Niger has received more than 151,000 doses of the Johnson & Johnson vaccine donated by the US Government through the COVAX Facility
Lalaina Fatratra Andriamasinoro
NIAMEY (Niger), 21 July 2021- Niger has received more than 151,200 doses of the Johnson & Johnson vaccine, a donation from the US Government through the COVAX Facility. The vaccine doses were officially received at Niamey International Airport by Dr Illiassou Idi Mainassara, Minister for Public Health, Population and Social Affairs, and US Ambassador H.E. Eric P. Whitaker, along with members of the COVAX Facility, WHO and UNICEF, and the ambassadors of the European Union and the United Kingdom.
“This donation is part of global efforts by the Biden-Harris administration to combat the COVID-19 pandemic. Supplying these vaccines is part of the United States’ commitment to provide at least 25 million doses to Africa, in coordination with the African Union and African public health authorities (Africa Centres for Disease Control and Prevention). A total of 300,000 doses are planned for Niger under this initiative,” said H.E. Eric P. Whitaker at the ceremony where the vaccines were officially received.
Referring to the commitment by the US President, the US Ambassador declared that “this is about our responsibility – our humanitarian obligation to save as many lives as possible – and our responsibility to live up to our values. We will help end this global pandemic by working alongside our global partners,” he continued.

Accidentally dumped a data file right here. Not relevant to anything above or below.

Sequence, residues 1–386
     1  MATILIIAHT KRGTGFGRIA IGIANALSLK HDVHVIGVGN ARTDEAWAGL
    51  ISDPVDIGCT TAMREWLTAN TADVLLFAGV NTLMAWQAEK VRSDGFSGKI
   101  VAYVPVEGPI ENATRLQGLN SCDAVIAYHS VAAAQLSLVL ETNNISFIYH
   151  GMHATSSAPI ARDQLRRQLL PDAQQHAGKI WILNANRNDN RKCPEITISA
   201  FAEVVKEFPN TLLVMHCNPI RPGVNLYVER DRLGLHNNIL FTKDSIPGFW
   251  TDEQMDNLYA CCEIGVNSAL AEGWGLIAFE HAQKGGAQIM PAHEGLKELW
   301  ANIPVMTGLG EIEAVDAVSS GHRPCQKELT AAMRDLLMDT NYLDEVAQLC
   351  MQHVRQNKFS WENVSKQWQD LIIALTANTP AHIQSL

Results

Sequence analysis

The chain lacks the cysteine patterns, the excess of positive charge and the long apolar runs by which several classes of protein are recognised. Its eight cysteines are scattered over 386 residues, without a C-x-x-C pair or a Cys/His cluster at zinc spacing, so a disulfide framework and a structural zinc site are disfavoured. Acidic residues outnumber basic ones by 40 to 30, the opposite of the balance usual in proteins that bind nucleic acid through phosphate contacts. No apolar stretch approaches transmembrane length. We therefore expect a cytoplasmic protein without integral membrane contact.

“Several African countries are unfortunately beginning to experience a third wave of the pandemic, and the threat of the Delta variant continues to hang over all countries around the globe. Although the situation remains under control in Niger, it is important that the population protects itself against this disease. The vaccine is the only weapon we have to stop infection and to stop the virus spreading,” declared Dr Idi Illiassou Mainassara, Minister for Public Health, Population and Social Affairs.
On behalf of the United Nations System, Dr Anya Blanche, WHO Representative in Niger, stressed that the emergence of new variants worldwide meant that getting vaccinated is important to contain their spread. “The arrival of these new vaccine doses allows us to scale up vaccinations in the country while at the same time diversifying vaccine supply. We will need to accelerate our efforts to reach as many people as possible,” she declared.
“The effectiveness of the vaccine is heavily dependent on the effectiveness of the national vaccination programme,” said HE Mrs Catherine Inglehearn, United Kingdom Ambassador to Niger. “That is why it is important to continue increasing the population’s awareness of the importance of vaccination.”
“No one is safe until everyone is safe.” These were the words used by Denisa-Elena Ionete, European Union Ambassador, to underline the “importance of joining forces to be more effective in the common battle we are fighting, while remembering that it is crucial that we continue to apply preventive measures even if vaccinated”. The European Union has supported Niger since the start of the pandemic and took this opportunity to reiterate its commitment to assisting the Government and to stepping up efforts to combat the pandemic.
Niger has recorded a total of 5,587 confirmed cases out of 125,624 people tested since the start of the pandemic. By 18 July 2021, a total of 348,894 people had been vaccinated, and 65,102 had received their second dose.